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3.2. RPC

RPC is a protocol that a program can use to request a service from a program located on another computer. It allows a program to cause a procedure or subroutine to execute on another address space, usually another computer on a shared network. It’s similar to calling a method on an object that exists on a different machine.

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4. Communication Model

The way in which data is transferred, and the conventions used for such communication differentiate REST and RPC significantly. Let’s dissect the respective communication models of each.

4.1. REST

REST harnesses the power and simplicity of the HTTP protocol for communication, relying on its standardized set of methods. These standard HTTP verbs ensure uniformity and predictability in interactions.

Due to stateless communication, each request from a client to a server must contain all the information needed to understand and process the request. This makes interactions clear-cut, without any need to maintain a session state on the server.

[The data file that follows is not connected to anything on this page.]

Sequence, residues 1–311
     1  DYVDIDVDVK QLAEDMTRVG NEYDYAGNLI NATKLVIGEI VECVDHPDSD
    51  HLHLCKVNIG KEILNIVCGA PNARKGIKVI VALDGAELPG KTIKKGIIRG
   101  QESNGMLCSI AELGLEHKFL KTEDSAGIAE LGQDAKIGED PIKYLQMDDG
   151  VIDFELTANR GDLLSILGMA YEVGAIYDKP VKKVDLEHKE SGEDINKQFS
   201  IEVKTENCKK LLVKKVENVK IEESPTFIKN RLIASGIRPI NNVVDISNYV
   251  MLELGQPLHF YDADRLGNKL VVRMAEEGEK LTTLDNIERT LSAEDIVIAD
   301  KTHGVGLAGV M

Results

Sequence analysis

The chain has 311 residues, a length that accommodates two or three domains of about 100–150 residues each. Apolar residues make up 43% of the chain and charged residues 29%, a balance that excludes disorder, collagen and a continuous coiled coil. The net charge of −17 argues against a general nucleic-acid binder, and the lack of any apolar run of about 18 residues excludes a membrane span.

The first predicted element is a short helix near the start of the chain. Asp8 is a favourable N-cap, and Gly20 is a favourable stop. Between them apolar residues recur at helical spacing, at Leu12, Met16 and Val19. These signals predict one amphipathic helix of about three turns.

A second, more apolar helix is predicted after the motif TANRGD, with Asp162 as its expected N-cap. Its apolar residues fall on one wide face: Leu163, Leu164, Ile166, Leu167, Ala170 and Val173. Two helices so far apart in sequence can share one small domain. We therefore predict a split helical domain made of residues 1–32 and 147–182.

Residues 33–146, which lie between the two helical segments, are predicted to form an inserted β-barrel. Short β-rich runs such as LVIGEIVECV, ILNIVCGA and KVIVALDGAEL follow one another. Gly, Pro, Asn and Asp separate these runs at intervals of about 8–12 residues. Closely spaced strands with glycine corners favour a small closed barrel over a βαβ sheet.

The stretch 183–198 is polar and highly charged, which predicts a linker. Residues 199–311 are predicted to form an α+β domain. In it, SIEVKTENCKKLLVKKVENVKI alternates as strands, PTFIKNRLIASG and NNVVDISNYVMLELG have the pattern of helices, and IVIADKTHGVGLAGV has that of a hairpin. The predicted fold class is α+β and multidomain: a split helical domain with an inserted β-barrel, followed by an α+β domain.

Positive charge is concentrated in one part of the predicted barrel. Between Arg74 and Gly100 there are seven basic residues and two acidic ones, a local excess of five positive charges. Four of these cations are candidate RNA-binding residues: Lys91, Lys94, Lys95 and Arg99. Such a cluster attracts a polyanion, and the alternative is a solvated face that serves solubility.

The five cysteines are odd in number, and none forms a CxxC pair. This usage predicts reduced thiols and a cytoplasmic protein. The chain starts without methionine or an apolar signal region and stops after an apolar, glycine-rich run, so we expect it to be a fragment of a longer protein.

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4.2. RPC

RPC’s model is more about invoking actions. Its method calls are more verbose, indicating specific procedures.

RPC is like calling a function. The client specifies the procedure to execute along with the parameters, and the server returns the results. This might appear more direct and granular compared to the resource-based approach.

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An essential aspect to note is that RPC might seem tightly coupled because of its procedural nature. Modern implementations like gRPC are built with flexibility and efficiency in mind, allowing for more scalable and loosely coupled systems.

5. Addressing Resources

How systems identify and address the data or services they interact with is central to their design and functionality. The paradigms of REST and RPC have distinct ways of approaching this.

5.1. REST

In the RESTful world, everything revolves around the concept of resources. Every resource in a RESTful system is uniquely identified by its URI. This design choice provides a straightforward way to locate, manipulate, and interact with entities on the web.

In REST, it’s not just about identifying the resource but also about how we represent it. Common representations include JSON and XML, among others. The idea is to interact with the resource using these representations via standard HTTP methods.

5.2. RPC